Getting Your Book Ready For Discovery


In our previous piece on book discoverability, we noted that the first part of readers finding your books revolves around traffic. The more people who come across your book sales pages and website, the better chances you have of making sales. We also noted that the second part of discovery is making sure your books are ready to be discovered.

Without necessarily categorizing it as such, we’ve talked a lot about discovery preparation on Author Marketing Institute. It’s essentially a matter of winning tiny comparison shopping battles with similar books in your genre. If someone is looking for a dark fantasy book by a new author, then he may compare your dark fantasy novel with another similar looking title. If you have significantly fewer reviews and your description sounds less compelling, then you’re going to lose out on that sale.

Aside from hiring out a top-notch cover designer, there are four key areas you can set up to make sure your book is strongly considered when readers discover your sales page:

1. Try to Get 100-200 Reviews

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Many strategies exist for book discovery, and having a lot of high-rated reviews helps nearly all of them. For example, when you’ve got to buy socks online, you’re probably going to pick the one with reviews that talk about comfort, elasticity, and a good deal. When a reader wants to buy a book, she wants the validation that dozens of other readers like her enjoyed your book.

Getting over 100 reviews on your book is not going to be easy, but it’s essential for one of the biggest book discovery tools of them all: BookBub. There was a time when you could get by with 50-75 reviews to get your book featured, but it’s getting harder and harder to meet the email marketing company’s increasingly high standards.

The rule of thumb with BookBub is to check the category you want to be featured in. Write down the number of reviews for the last five books featured. Divide them by five to come up with the number of reviews you’ll need. Depending on the category, you may need well over 200 to get your book into the mix.

2. Deconstruct Your Blurb

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In most cases, you shouldn’t compare your book to others in your genre. It’s psychologically unnerving to belittle yourself in the shadow of big bestsellers. Don’t compare your sales to the outliers of the industry, but you should most definitely compare your descriptions.

So many author book descriptions are the equivalent of the sock blurb: “Cotton foot warmers you can wear.” Fortunately, you’ve got a product that’s got a lot more to say about it than an ankle-length sock. Check out the descriptions of other books in your genre that are selling well. Borrow the framework that seems to work the best. Insert your own characters into that framework and then spice it up with some sensory adjectives. You want your readers to feel something when they read your books, and that same goal should be a part of your description writing.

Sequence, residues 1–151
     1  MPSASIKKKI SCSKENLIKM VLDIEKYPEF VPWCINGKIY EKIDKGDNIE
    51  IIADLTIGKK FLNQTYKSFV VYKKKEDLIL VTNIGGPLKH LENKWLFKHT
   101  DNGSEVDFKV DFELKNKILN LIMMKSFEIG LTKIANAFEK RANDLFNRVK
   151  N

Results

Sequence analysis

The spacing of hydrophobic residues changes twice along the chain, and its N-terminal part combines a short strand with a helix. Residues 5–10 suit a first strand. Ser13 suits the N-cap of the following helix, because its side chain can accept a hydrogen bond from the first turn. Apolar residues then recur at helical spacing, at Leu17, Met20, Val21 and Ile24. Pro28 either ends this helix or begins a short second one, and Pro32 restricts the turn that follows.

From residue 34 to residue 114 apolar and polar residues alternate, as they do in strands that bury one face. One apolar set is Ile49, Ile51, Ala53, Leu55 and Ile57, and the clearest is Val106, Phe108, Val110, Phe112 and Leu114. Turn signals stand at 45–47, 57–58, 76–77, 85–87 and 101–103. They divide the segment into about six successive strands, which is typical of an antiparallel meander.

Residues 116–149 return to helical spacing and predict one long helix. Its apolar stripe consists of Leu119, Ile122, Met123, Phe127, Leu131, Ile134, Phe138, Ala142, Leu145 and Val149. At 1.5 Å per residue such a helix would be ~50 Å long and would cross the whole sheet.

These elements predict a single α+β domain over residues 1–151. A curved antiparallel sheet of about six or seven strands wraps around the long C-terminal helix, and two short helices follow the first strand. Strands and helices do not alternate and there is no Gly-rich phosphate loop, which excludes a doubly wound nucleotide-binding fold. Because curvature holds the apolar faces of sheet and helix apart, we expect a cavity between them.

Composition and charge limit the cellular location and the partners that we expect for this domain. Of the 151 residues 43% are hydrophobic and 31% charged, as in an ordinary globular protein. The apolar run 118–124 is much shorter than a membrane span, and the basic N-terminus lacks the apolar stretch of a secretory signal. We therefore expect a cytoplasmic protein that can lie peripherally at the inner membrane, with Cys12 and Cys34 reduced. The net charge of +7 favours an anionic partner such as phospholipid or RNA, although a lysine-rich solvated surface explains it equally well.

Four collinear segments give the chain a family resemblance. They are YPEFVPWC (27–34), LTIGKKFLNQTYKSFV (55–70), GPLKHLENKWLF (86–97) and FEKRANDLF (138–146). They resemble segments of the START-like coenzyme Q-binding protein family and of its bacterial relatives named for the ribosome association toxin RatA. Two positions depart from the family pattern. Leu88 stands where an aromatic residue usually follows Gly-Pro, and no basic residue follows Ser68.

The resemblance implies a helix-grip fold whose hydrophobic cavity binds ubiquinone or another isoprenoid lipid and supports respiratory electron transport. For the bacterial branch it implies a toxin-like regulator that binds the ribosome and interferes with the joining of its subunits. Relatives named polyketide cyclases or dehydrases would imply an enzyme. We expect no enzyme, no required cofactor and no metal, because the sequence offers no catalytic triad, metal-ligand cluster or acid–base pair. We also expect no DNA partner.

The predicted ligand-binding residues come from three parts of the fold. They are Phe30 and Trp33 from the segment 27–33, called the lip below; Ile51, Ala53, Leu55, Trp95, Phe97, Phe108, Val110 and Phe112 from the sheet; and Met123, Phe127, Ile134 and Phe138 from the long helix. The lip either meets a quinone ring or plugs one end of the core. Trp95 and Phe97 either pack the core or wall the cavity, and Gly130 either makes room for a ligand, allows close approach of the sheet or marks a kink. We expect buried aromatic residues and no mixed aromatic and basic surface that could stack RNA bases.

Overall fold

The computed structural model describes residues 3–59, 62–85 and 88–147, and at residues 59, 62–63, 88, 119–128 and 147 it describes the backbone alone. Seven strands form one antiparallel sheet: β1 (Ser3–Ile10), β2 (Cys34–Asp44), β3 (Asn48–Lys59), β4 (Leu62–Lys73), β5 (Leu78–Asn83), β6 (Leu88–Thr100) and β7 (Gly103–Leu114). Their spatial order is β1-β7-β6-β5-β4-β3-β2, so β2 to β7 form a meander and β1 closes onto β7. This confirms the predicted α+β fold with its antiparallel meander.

Another thing to consider is Amazon’s recent experimentation with shorter descriptions. The retailer recently tested out only displaying two or three lines of a description before readers needed to click the “Read More” link. While it seems like Amazon has gone back to its old description style, you still need to consider how strong your first two lines are for mobile devices. Use a catchy tagline that makes readers want to read more. Employ short, punchy sentences and then see how they display on your phone or tablet.

3. Optimize Your Look Inside

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The first two pages of most paperbacks have got to be the most skipped in all of literary history. So few people care about the legal mumbo jumbo of the copyright information, that they’re bound to miss dedications and author’s notes in an effort to get to the first lines of the novel proper. The problem with copyright pages in an ebook is that they take up valuable room in your Look Inside.

The Look Inside is the preview function that allows readers to sample your book before buying. The more things you stuff in before the first line of your book, the shorter the sample readers get to peruse. Additionally, readers are more likely to click away when they can’t read your words immediately. That’s why you need to pare down your preface material to a bare minimum.

Trim your copyright to a few lines or place it at the back of the book. Keep your author’s note simple or insert it at the back. Include a small promotion for your mailing list before jumping right into the first chapter. From there, make sure there aren’t any surprises in the first few pages, like poor alignment or an alarming misspelling.

4. Put Your Email List on Autopilot

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As we’ve previously discussed on the site, you should link to your mailing list in the front of all your books. When you do this, your mailing list becomes part of the discovery process. If you’re the kind of person who sets and forgets your list, then you need a healthy auto responder sequence to guide new subscribers into your fan base.

You should use your own unique style to tell readers about yourself, show them where else they can buy your books, and ask them how involved they’d like to be with your efforts. Many bestselling authors have used auto responder sequences to get more sales, additional reviews, and even members of their advanced reader or street teams. Have at least a month worth of emails ready to go to anyone who subscribes to your list.